Yes, they are both bloatware and slow, just like all Java apps. Give me a mono equivalent any day.

Reply Score: 2

ahmetaa Member since:
2005-07-06

sure you have no clue what you are talking about.

Reply Score: 2

someone Member since:
2006-01-12

"Although Java was never as popular on the Desktop as it is on Servers, I am sure you have heard about both Azureus and Limewire."

Yes, they are both bloatware and slow, just like all Java apps. Give me a mono equivalent any day.


So that they may work reasonably well on Gnome, work slowly on KDE and look awful on OS X (not to mention having to run on X11) and Window (I can't believe I am saying this, but both SWT and Swing will beat GTK any day when it comes to Win32 support).

Reply Score: 1

someone Member since:
2006-01-12

Yes, they are both bloatware and slow, just like all Java apps. Give me a mono equivalent any day.

I doubt Mono will run any better on your memory constrained machine...

Reply Score: 2

phgt Member since:
2006-09-16

It is java.util.concurrent. But you are right, this is an outstanding library for multithreading written by Doug Lea. It has no equivalent in any language AFAIK. I recently an ETL using a pipeline design with this library and it was an order of magnitude faster than a very optimized C++ version.

Reply Score: 2

zambizzi Member since:
2006-04-23

This was perhaps the most woefully ignorant post I've ever seen on an article at OSNews...honestly.

Java has *massive* open source traction...it has surpassed C++ on sourceforge as the post popular language!!

Pitifully unstable? Are you mad? Java is the engine of some of the largest, most active web applications in the world!

D? Exciting stuff? Who the F*** uses D for anything that you hear big news about?

It's annoying, to say the least, when someone spouts off about something purely based on opinion and not at all based in reality.

Reply Score: 5

Archangel Member since:
2005-07-23

Java has *massive* open source traction...it has surpassed C++ on sourceforge as the post popular language!!
But it remains relatively rare on Linux - AFAIK most distros don't bundle it at present (correct me if I'm wrong on that one). I wouldn't consider Sourceforge project numbers a good measure of "open source traction", but it depends what you're trying to measure with that term.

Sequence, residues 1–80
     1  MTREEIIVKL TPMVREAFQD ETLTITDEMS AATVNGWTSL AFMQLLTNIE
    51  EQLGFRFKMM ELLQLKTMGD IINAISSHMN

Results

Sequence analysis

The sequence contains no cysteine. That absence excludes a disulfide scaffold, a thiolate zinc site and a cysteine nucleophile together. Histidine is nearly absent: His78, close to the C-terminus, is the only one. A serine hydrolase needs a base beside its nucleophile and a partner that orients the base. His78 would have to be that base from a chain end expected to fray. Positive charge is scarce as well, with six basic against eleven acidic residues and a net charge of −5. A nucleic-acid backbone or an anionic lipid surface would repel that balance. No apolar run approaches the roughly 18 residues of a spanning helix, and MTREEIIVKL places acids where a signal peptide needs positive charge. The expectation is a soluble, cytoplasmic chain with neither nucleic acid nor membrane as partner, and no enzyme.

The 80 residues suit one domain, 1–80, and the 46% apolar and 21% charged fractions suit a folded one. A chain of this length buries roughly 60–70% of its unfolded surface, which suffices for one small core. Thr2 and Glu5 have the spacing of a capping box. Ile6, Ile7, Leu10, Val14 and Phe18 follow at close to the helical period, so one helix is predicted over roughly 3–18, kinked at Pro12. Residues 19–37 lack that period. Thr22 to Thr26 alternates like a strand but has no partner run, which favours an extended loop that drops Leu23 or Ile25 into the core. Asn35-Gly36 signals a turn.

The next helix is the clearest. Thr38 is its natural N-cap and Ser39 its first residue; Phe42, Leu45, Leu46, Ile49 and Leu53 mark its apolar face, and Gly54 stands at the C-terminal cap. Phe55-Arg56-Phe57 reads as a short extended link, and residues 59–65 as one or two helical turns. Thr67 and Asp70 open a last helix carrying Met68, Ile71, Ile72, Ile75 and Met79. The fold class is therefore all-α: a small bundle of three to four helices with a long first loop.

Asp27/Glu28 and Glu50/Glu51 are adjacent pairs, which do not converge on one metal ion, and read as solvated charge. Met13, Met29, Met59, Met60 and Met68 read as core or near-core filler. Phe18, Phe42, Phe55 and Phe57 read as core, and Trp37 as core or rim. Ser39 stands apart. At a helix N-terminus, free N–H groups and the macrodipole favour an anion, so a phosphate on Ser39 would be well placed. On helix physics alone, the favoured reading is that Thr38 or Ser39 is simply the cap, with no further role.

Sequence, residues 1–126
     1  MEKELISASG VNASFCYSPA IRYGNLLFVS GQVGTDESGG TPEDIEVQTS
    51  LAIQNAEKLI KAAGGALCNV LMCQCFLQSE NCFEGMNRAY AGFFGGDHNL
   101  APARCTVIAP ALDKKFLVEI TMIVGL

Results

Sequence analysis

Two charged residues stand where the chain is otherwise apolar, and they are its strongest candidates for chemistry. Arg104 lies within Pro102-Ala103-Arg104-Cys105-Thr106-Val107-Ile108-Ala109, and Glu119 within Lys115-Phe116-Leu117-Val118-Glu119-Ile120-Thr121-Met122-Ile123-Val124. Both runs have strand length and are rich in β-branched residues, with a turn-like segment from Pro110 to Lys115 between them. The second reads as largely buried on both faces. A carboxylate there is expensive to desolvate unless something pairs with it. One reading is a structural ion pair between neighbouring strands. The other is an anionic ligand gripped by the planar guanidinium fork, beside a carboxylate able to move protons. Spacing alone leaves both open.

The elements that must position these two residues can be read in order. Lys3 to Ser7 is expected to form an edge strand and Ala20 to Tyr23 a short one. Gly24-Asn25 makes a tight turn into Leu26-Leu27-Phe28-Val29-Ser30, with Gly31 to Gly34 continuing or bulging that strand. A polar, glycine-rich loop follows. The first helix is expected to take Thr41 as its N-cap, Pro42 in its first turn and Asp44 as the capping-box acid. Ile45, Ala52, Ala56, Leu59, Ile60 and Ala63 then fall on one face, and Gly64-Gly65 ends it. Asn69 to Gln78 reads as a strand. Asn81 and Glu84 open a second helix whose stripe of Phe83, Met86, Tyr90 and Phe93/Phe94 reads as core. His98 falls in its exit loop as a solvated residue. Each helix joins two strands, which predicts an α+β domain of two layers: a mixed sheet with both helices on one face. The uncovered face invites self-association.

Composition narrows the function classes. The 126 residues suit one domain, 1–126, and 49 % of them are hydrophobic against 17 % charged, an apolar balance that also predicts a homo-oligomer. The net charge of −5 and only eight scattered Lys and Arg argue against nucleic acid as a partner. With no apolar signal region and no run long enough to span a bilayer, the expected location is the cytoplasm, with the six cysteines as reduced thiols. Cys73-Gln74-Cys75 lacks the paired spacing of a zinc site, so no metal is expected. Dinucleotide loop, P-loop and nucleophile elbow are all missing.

Pitifully unstable? Are you mad? Java is the engine of some of the largest, most active web applications in the world!
It depends heavily on the VM it's running in, and they aren't all created equal. Maybe the previous poster was aiming at something a little more obscure than, say, the x86 VM which is obviously pretty solid by now.

I think it's a good move by Sun, and long past time - I'm not sure what they gained by keeping it closed.
Playing nice with open source definately strikes me as a good idea - .NET is a big threat to Java. Maybe the enemy of Sun's enemy is their friend.

Reply Score: 4

drdoug Member since:
2006-04-30

But it remains relatively rare on Linux - AFAIK most distros don't bundle it at present (correct me if I'm wrong on that one).

It would be nice if some distro's could get of their GPL high-horse and distribute Java. Without it Linux is a poor Java development platform. Distributing gcj as a java substitute just adds to the confusion.

Hopefully this will change when Sun fully release it. Though personally I hope they release it under CDDL ;)

Reply Score: 4

someone Member since:
2006-01-12

But it remains relatively rare on Linux - AFAIK most distros don't bundle it at present (correct me if I'm wrong on that one).

It would be nice if some distro's could get of their GPL high-horse and distribute Java. Without it Linux is a poor Java development platform. Distributing gcj as a java substitute just adds to the confusion.

Hopefully this will change when Sun fully release it. Though personally I hope they release it under CDDL ;)


While open sourcing Java would make distros' lives even easier. Sun already devised a simplified license for Java distribution (DCJ). This allows you to install Java 5 under Ubuntu in the following way:

https://jdk-distros.dev.java.net/ubuntu.html

Reply Score: 3

zambizzi Member since:
2006-04-23

Java has a very, very large open source community around it and Sun is encouraging that heavily with nearly *all* of their (previously) closed software.

Don't believe me? Fine, don't go to sourceforge, go to java-source.net Or, try Java.net...or just look around generally - if you need something Java and you'd prefer it open and free...you're sure to find just what you need. Let's not forget, to top all of that off, your tools and entire development stack can easily (and with great quality) come to you at no charge at all. Eclipse, Netbeans, JBoss, Glassfish, Hibernate, Tomcat, Resin, and the list goes on.

I don't think you can blame it on the VM implementation and not place most of the blame on the guy who installs the wrong VM, configures it incorrectly, and generally doesn't have a clue what he's doing...perhaps he had all of the problems above...either way that was a broadly ignorant statement. It's like someone saying "C++ is pitifully unstable...my apps keep crashing!" I'm not a C++ programmer, by the way. I realize C++ is a lower-level technology and doesn't run on a VM but I think you can see where I'm going w/ that.

Anyhow, I have to wholly agree with you...I can't wait until the entire stack is opened. I'm already developing against Glassfish and the new versions of Netbeans are incredible...advancing rapidly!

I've developed on both the .NET side (for years, regularly) and the last couple of years, Java. I can honestly say that .NET is not a threat to Java...not from where I'm standing. Java has the backing of the biggest tech (and other) corporations around, .NET is backed by...well...Microsoft.